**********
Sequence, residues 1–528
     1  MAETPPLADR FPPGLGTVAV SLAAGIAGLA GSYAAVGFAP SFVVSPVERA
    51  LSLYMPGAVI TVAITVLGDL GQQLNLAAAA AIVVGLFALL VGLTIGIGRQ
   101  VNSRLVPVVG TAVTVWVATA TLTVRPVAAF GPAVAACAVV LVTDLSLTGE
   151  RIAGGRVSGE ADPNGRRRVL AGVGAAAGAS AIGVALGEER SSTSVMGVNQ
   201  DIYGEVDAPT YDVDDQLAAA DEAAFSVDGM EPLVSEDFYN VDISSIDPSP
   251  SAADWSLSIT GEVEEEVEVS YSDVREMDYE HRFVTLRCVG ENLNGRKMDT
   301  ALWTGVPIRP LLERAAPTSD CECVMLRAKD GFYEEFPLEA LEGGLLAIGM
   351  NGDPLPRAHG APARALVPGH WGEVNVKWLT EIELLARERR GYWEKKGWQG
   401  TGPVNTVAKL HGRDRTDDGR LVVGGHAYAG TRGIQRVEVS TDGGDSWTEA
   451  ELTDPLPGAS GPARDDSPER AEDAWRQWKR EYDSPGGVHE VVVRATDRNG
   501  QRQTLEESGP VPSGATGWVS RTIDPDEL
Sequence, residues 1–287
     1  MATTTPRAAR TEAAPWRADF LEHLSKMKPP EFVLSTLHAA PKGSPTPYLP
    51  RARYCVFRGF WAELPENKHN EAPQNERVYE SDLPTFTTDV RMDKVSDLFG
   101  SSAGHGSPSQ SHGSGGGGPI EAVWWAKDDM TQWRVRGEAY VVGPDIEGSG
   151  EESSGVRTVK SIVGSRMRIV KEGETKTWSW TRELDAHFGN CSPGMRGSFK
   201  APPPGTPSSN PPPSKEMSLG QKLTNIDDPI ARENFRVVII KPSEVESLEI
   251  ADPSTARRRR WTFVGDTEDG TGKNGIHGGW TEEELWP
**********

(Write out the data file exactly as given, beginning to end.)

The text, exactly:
Sequence, residues 1–528
     1  MAETPPLADR FPPGLGTVAV SLAAGIAGLA GSYAAVGFAP SFVVSPVERA
    51  LSLYMPGAVI TVAITVLGDL GQQLNLAAAA AIVVGLFALL VGLTIGIGRQ
   101  VNSRLVPVVG TAVTVWVATA TLTVRPVAAF GPAVAACAVV LVTDLSLTGE
   151  RIAGGRVSGE ADPNGRRRVL AGVGAAAGAS AIGVALGEER SSTSVMGVNQ
   201  DIYGEVDAPT YDVDDQLAAA DEAAFSVDGM EPLVSEDFYN VDISSIDPSP
   251  SAADWSLSIT GEVEEEVEVS YSDVREMDYE HRFVTLRCVG ENLNGRKMDT
   301  ALWTGVPIRP LLERAAPTSD CECVMLRAKD GFYEEFPLEA LEGGLLAIGM
   351  NGDPLPRAHG APARALVPGH WGEVNVKWLT EIELLARERR GYWEKKGWQG
   401  TGPVNTVAKL HGRDRTDDGR LVVGGHAYAG TRGIQRVEVS TDGGDSWTEA
   451  ELTDPLPGAS GPARDDSPER AEDAWRQWKR EYDSPGGVHE VVVRATDRNG
   501  QRQTLEESGP VPSGATGWVS RTIDPDEL
Sequence, residues 1–287
     1  MATTTPRAAR TEAAPWRADF LEHLSKMKPP EFVLSTLHAA PKGSPTPYLP
    51  RARYCVFRGF WAELPENKHN EAPQNERVYE SDLPTFTTDV RMDKVSDLFG
   101  SSAGHGSPSQ SHGSGGGGPI EAVWWAKDDM TQWRVRGEAY VVGPDIEGSG
   151  EESSGVRTVK SIVGSRMRIV KEGETKTWSW TRELDAHFGN CSPGMRGSFK
   201  APPPGTPSSN PPPSKEMSLG QKLTNIDDPI ARENFRVVII KPSEVESLEI
   251  ADPSTARRRR WTFVGDTEDG TGKNGIHGGW TEEELWP